There was no problem with KIBO. In fact, the students loved playing with KIBO. They quickly mastered the idea of using commands to make KIBO follow their instructions. They just didn’t care about the maze task.

    Literacy educators have long known that students are far more likely to take on a cognitive challenge when they care about the task assigned. The anecdote above sheds light on what kinds of activities teachers should design to teach young children programming languages.

    Learning programming languages is like learning to read and write a new language. Experts in literacy stress that students can only learn to read and write when teachers give them activities that leave room for their own self-expression. In a 2007 Research in the Teaching of English article, literacy scholar Maren Aukerman explains, “When reading instruction principally focuses on a teacher’s interpretation and interpretive techniques, we misrepresent to children what reading actually is.” When literacy instruction focuses solely on phonics, or the transmission of authoritative interpretations, reading in schools becomes cut off from the reading children do outside of school. Outside of school, children (and adults) read and interpret as part of the natural activity of sense-making. Inside of school, it’s easy to lose this most basic purpose for reading and writing. At the heart of the balanced literacy approach is the understanding that students learn literacy better when it’s taught through tasks that matter to them (i.e., tasks that make room for their self-expression and sense-making).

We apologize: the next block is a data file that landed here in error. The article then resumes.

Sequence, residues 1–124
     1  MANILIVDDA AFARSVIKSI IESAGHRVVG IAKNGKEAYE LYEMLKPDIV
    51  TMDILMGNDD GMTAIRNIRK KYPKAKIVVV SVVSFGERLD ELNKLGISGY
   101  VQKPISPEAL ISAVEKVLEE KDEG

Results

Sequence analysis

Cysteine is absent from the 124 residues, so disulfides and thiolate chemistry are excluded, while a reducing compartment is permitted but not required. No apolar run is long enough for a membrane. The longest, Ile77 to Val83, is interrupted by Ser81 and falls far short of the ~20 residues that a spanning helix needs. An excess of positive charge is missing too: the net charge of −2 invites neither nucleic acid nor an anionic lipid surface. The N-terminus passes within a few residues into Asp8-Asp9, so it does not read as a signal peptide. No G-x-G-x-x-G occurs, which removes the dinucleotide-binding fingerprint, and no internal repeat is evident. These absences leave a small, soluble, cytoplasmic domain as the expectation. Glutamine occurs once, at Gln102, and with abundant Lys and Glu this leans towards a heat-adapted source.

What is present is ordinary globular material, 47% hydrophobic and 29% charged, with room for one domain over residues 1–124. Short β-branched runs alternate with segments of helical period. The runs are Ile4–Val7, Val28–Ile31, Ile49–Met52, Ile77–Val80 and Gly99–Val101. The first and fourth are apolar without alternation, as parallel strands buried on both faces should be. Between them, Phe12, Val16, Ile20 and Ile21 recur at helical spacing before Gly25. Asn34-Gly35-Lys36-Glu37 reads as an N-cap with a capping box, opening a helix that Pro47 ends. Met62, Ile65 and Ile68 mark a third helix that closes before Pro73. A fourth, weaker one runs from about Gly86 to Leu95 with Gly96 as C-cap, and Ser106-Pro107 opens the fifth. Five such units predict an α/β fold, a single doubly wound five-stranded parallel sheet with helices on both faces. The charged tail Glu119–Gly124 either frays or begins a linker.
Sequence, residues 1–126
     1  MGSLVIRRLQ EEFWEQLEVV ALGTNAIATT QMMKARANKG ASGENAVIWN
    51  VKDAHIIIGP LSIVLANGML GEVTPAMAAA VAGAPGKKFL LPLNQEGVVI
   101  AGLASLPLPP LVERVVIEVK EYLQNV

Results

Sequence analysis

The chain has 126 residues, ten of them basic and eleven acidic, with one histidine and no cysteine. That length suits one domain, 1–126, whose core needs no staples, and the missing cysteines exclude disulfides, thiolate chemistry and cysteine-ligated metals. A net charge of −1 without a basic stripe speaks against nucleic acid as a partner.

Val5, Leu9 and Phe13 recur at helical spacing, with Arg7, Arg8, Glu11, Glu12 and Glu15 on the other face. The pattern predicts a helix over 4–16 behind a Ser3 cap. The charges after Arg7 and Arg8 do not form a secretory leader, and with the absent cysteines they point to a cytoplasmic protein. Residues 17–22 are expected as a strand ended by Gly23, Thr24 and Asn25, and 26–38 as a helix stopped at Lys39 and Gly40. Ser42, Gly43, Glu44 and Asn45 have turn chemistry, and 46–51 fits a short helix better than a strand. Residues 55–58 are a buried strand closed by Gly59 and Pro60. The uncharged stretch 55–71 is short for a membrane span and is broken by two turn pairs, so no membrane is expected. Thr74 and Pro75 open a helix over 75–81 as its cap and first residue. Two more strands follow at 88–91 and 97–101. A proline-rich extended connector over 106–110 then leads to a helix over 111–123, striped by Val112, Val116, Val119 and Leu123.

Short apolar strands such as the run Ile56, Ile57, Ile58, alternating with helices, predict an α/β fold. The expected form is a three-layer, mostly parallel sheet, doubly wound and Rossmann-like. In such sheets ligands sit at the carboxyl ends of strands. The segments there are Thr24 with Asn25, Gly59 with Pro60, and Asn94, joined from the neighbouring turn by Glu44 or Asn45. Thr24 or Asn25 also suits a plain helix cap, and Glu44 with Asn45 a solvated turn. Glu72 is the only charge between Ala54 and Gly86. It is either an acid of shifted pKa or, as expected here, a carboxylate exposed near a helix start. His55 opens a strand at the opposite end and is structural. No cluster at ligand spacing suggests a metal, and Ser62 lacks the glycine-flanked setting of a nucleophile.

The students in this anecdote were not interested in the maze task their teacher assigned. As such, they could not get into the cognitive work it required. The task wasn’t guided by their own questions or curiosities. I can’t help but wonder how the outcomes would have differed had they been allowed to explore KIBO’s performance capabilities. Imagine if they had gone through the process of developing a performance for KIBO, writing the program for that performance, and reflecting on how their written program did and did not realize their vision. Instead, their interests were continually thwarted in service of the task at hand—a task that didn’t hold the students’ engagement.